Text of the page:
The notion of meaning and purpose has crept into the language of business in the past couple of years. It has become a part of the standard vocabulary of most leadership talk when it comes to both strategy, leadership development and culture.
Yet, many people still get a bit uncomfortable when the conversation travels on to the importance of Soul and Spiritual Intelligence (SQ) for leadership. Which when you think about it, is really odd.
Because what is Purpose really but the language of the Soul?
Purpose is not something which can be readily measured, quantified or qualified through standard norms. We know we long for it without really knowing where this longing resides or where it came from. We cannot prove to anyone when it is there or not there, but we know when we feel it. We cannot prove that it will make life better, but we innately know that it will.
Purpose is the language of the Soul. It is one of many Soul conversations that is detrimental to truly remarkable leadership.
When looking into what commonalities truly great leaders share, it is the connection to their Soul and embodiment of spiritual intelligence. I have yet to meet one who is truly connected to their Soul, who are not at the same time succesful in their endeavours. Really great leaders have great results in their organizations because they are connected to their Soul.
By truly great leaders, I mean those who for instance understand how to live a balanced life while still creating results for their organizations, those who understands the importance of a nurturing work-environment and know how to provide it, and who understands that there is no opposition between taking care of the planet’s resources and securing the financial resources.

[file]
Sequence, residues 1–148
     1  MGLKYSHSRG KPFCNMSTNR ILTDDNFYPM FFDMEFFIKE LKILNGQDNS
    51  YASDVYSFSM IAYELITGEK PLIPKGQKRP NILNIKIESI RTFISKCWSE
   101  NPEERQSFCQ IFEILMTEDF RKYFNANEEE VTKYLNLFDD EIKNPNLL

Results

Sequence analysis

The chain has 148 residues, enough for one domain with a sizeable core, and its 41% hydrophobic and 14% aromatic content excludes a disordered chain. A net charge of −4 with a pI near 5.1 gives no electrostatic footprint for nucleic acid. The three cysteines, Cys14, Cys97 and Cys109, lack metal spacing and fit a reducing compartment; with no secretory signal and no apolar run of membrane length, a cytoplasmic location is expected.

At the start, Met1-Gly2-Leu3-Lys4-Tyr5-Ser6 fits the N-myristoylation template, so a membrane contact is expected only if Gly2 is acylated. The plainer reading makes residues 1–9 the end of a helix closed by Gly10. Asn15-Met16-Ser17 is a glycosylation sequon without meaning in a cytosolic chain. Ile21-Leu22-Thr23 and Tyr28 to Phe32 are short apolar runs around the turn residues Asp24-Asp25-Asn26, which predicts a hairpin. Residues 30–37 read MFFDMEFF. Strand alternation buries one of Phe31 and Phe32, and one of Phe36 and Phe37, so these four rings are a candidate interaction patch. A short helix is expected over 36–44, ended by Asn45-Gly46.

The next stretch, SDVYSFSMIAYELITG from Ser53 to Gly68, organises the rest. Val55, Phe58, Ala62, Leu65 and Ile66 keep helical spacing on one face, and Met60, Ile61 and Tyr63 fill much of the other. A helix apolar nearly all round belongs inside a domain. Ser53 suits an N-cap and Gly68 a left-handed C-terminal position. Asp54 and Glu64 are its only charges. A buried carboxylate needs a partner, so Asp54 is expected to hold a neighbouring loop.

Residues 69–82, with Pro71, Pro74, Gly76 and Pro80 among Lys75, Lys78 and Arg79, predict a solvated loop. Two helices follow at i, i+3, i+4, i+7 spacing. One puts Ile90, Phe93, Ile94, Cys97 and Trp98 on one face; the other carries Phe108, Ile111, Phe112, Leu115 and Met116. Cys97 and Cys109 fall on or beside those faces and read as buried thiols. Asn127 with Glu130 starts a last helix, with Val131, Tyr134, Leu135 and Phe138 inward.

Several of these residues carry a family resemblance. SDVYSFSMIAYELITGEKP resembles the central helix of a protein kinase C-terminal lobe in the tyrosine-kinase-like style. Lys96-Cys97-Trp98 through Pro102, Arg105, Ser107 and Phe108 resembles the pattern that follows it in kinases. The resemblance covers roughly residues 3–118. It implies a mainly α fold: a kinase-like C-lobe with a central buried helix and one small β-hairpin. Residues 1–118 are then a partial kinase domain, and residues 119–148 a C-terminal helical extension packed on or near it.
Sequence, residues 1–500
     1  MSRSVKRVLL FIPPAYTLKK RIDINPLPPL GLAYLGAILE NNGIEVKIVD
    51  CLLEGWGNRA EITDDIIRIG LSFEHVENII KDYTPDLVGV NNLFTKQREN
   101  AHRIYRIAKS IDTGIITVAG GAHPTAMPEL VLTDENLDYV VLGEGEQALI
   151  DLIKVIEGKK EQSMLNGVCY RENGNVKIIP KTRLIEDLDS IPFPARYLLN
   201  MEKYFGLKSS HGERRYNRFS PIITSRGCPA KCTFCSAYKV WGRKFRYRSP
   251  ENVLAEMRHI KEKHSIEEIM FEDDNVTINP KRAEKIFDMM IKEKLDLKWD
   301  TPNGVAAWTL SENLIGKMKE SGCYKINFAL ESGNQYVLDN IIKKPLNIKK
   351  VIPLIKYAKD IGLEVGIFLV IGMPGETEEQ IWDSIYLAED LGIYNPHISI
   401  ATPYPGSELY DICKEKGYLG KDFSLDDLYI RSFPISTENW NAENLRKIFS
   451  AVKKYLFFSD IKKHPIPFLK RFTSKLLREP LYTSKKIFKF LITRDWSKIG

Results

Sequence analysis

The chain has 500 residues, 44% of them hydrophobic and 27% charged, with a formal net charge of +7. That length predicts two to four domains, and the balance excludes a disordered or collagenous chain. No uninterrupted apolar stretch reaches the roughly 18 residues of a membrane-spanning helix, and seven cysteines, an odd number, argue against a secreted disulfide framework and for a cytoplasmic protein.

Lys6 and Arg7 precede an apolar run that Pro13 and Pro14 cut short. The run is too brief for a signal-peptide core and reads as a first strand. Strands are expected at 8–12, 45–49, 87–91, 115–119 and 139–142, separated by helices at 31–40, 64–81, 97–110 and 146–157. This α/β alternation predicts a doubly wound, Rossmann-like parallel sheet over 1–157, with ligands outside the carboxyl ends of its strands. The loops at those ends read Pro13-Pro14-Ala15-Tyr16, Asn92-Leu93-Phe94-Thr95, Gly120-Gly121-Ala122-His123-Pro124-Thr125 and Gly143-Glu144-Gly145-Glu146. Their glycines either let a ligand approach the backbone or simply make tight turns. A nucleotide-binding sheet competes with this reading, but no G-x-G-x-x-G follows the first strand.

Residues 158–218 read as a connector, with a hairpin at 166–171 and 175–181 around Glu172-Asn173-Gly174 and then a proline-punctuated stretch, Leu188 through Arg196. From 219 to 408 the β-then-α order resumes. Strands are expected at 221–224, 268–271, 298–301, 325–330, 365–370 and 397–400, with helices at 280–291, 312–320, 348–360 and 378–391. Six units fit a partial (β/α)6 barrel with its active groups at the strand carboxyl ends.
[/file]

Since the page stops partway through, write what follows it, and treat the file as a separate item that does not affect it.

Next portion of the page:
In my research into spiritual intelligent leadership, I’ve spoken to successful leaders around the world and in many different companies. One of them is Laura Zumdahl, who is the CEO of a non-profit organization in Chicago called New Moms, which is changing the future for young moms experiencing poverty and homelessness in the Chicago area. Under her leadership, New Moms has doubled in size, expanding its geographic footprint and capacity to transform the lives of mothers and children in Chicago. Laura is also a regular columnist for Nonprofit Pro and a member of the Forbes Nonprofit Council. She’s also recognized as a thought leader in the nonprofit sector.
I asked what her advice is to those leaders who wishes to embark on a journey into greater success and to leave a positive mark on this world. And her advice, as she said, is not your standard Harvard Business answer on the strategy you can use in your company.
Her advice is to examine your soul as a leader. To pay attention to the deep longings of your Soul.
Laura says, “in the fast pace of our world, we shut down the urges that are calling for our attention. But we need to take the time and do the work to connect to that part of ourselves if we really want to be the best we can be as a leader – and as a human being. If we have to be really good leaders of our companies, we have to do our own personal work first and not run away from what is calling for our attention”.
Listen to a clip of the interview I did with Laura and many others here: https://maikenpiil.com/sq-leadership-page/